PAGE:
A client contacted me about their emigrant ancestor. It was stated that their ancestor was baptised in Westminster, on a particular date. He was sure of this, as this was the only baptism he could find, and around 150 other people had the information in various online trees. There was indeed a baptism for the boy at the particular church in Westminster, the records of baptisms for that place had been widely indexed. What the client wasn't aware of is that poor boy died a few days after birth and his burial was recorded in the register about a week later. The burial records hadn't been indexed, but the various assumptions mean that hundreds of people still think that this is their ancestor who emigrated, and so have the wrong next generation back. The reality is that their true ancestor’s baptism probably has gone unrecorded as it was during the period of disruption caused by the English Civil War, when records weren’t kept properly and many destroyed. Or, possibly recorded in a parish whose records haven’t been indexed (there were over 12,000+ parishes, so not possible to check them all one-by-one!)

Case Study 2

The following is a case study in reverse, showing how I gathered enough information about a migrant to Britain, to enable them to be located back in their country of origin: France. The man in question was thought to be a Huguenot—French protestant who fled France due to persecution. To start with, all that was known was his name, occupation and when he died.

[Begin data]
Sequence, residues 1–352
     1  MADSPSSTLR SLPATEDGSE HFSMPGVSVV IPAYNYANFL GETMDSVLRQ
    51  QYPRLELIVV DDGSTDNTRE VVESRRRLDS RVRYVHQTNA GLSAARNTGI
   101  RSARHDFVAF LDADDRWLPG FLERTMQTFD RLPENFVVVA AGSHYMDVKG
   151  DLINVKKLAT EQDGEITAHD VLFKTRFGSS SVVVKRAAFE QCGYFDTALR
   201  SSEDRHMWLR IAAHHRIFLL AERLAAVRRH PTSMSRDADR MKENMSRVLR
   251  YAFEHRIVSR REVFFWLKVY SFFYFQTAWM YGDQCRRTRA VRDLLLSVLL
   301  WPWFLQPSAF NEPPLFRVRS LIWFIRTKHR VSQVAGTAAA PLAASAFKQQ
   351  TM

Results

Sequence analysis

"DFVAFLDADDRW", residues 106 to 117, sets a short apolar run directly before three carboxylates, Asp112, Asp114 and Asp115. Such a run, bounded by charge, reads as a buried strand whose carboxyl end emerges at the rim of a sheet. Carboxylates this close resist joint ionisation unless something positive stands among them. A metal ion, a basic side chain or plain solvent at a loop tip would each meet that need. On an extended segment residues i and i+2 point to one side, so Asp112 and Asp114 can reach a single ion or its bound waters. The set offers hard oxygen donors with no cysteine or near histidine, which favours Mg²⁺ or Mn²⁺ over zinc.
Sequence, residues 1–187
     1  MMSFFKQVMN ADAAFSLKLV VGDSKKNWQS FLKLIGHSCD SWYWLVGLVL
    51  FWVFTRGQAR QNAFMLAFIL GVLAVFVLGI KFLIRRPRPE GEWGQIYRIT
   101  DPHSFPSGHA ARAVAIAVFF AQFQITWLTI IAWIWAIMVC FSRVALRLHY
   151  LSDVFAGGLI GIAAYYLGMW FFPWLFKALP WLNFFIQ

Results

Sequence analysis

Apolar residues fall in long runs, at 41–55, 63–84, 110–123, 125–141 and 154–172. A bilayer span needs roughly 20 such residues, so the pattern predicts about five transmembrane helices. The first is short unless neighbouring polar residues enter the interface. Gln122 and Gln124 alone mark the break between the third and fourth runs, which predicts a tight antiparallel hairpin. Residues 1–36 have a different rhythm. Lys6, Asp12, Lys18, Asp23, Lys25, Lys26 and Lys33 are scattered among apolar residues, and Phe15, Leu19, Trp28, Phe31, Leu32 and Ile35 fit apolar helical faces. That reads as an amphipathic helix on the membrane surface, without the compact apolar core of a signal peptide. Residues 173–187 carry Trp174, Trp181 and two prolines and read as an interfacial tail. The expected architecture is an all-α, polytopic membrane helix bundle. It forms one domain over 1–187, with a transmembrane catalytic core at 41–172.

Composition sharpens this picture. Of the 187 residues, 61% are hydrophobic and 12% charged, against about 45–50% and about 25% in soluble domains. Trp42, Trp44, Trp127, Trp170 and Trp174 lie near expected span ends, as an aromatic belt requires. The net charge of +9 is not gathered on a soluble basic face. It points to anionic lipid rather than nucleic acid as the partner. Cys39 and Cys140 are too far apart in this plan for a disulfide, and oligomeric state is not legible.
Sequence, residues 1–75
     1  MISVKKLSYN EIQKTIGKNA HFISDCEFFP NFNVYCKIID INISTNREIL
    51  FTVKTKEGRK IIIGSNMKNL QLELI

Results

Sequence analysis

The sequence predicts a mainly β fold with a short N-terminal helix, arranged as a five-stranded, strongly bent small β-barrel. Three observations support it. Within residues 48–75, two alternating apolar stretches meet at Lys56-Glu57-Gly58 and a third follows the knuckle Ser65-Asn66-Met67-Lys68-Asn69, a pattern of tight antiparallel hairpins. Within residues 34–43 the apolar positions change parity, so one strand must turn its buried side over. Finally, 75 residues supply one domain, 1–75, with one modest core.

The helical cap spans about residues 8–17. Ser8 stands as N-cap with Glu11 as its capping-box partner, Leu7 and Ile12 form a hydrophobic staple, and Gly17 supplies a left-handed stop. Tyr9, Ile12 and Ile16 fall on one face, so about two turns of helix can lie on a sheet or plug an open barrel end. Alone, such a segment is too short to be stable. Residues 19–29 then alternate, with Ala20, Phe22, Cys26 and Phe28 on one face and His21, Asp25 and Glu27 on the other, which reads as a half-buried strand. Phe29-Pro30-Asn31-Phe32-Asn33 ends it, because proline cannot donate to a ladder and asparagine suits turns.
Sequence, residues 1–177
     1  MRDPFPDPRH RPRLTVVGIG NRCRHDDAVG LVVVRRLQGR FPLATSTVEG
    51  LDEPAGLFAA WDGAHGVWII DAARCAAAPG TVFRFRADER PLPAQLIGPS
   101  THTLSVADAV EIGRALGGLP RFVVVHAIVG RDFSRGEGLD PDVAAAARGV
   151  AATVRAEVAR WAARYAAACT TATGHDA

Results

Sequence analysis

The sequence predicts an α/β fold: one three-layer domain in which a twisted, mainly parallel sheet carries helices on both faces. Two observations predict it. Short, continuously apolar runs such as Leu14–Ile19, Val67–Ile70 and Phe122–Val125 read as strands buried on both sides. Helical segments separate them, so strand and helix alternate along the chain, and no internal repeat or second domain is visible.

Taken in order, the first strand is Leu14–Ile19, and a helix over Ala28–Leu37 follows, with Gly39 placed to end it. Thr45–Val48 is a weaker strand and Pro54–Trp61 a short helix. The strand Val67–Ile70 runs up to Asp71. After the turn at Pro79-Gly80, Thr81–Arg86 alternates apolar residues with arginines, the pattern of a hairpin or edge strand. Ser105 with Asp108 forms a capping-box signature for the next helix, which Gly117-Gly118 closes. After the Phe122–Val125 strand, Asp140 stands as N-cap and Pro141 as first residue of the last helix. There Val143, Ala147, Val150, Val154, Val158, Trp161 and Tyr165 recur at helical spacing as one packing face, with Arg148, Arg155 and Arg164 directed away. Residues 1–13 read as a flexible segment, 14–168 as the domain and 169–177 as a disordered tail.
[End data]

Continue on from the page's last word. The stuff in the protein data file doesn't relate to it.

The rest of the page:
By examining his life in Britain, I obtained his will, which gave the names of his children and some other individuals, such as an executor. With the children's names known, their baptisms were sought, which gave his wife's name (she wasn't named in the will as she died first). Once the eldest child was found, I located the marriage to the wife. As this was by licence (most British marriages were by banns), it gave his age, it was rare for an age to be recorded at marriage in the 1720s.

I looked for possible kin. I found a very likely brother: a man with the same unusual occupation, to which our candidate signed as a witness at his wedding, the likely brother also had his age recorded when he married, and so we had an approximate idea of when he was born too.

Although no records of our man, nor his likely brother, showed where in France they came from, the executor of our man's will had documented this information—he had applied for a coat of arms at which point he submitted a pedigree to the College of Arms, which included information back to his grandparents, such as where they married. This pedigree showed some overlap with the surname of the main individual that was being traced.

At this point I had a couple of French towns to check (those named by the executor), and it could be expected that if a baptism of our man and his likely brother could be found, around their estimated year of birth, then this would prove the connection.

Both baptisms were found; what was more a little further work showed that our man was the first cousin once removed of the executor of the will, and so made the connection certain.

Most of the work (80%+) was done in the destination country, and only the hypothesis checked by reference to the country of origin. Obviously, to follow back further, would require French records, but that would never have been possible without the exhaustive work in the destination country. Had the client approached a researcher in France, the case would not have been proved; the French researcher would have had no clue as to where to start, nor proof when a record was found.

Conclusion

Very often, before engaging a genealogist in the origin country, I recommend contacting a professional genealogist in the destination country, who will be able to check that all possible information has been gathered about the migrating ancestor and their community. They will have access to records there, and be better placed to undertake that work. If this still just leaves the name, then it is unlikely to be possible to follow back your ancestor in Britain.

References